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Messages - unfocused

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946
Canon General / Re: EOS-M kicking butt in Japan
« on: November 02, 2012, 05:34:39 PM »
See my comment on the original PR post. Unfortunately, PRGuy got it wrong, those are the top 10 sales figures for 01-22 October only (and there's always going to be a big rush upon launch).
Still, nice to see that it's doing well (although there's some weird things in there, like the Pentax Q sells well, and the NEX-7 doesn't, and there's no Fuji anything or OM-D in there)

In the immortal words of Emily Litella: "Never Mind." (Although I suppose those are still pretty good numbers and certainly beating Nikon)

947
Software & Accessories / Re: Perfectly Clear?
« on: November 02, 2012, 02:37:17 PM »
I'm not familiar with this particular product.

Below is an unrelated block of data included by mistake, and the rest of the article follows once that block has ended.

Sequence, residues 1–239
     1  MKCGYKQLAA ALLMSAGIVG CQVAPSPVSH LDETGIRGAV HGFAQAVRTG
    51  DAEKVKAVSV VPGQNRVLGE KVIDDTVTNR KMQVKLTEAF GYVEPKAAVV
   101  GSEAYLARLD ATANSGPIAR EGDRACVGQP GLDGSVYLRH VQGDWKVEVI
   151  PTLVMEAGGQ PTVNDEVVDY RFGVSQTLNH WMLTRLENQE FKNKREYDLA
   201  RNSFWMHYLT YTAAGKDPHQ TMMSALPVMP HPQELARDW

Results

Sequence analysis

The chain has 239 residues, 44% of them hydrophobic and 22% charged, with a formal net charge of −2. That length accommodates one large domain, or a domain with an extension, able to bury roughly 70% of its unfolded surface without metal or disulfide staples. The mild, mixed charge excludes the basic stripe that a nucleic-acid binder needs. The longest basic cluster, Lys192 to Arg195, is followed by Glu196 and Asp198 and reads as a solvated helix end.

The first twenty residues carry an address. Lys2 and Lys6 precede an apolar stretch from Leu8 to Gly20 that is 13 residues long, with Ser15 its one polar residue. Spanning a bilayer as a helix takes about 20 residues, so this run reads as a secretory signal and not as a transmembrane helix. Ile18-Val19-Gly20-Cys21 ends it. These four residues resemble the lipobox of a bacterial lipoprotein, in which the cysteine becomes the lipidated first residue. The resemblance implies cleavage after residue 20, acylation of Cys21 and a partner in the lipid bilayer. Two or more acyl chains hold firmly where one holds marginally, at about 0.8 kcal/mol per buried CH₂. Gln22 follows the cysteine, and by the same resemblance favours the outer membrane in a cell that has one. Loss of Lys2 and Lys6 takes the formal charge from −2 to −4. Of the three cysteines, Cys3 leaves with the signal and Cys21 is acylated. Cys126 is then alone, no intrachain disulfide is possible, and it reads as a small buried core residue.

The effects/shortcuts appear similar to what other software offers, but this one doesn't appear to offer a trial version to download. It's not such a low-price that I would want to risk it without a trial download.

Nik and OnOne are two of the better known software plug-in suppliers and both offer free trial versions.

948
Canon General / Re: Black Friday Deals
« on: November 02, 2012, 10:17:32 AM »
The short answer is "no."

Black Friday is all about mass retailing. It's an opportunity for retailers to lure customers into stores with great deals on products that have broad appeal. There is no reason for any retailer to cut the price of a high end luxury item because 1) the market is too small, and 2) the customer base is not price sensitive.

949
Canon General / EOS-M kicking butt in Japan
« on: November 02, 2012, 09:51:01 AM »
BCN Ranking, via Photo Rumors, reports that Canon's EOS-M is in the #3 slot in Mirrorless Camera Sales in Japan for the first nine months of the year. That's pretty incredible considering the camera wasn't even announced until July.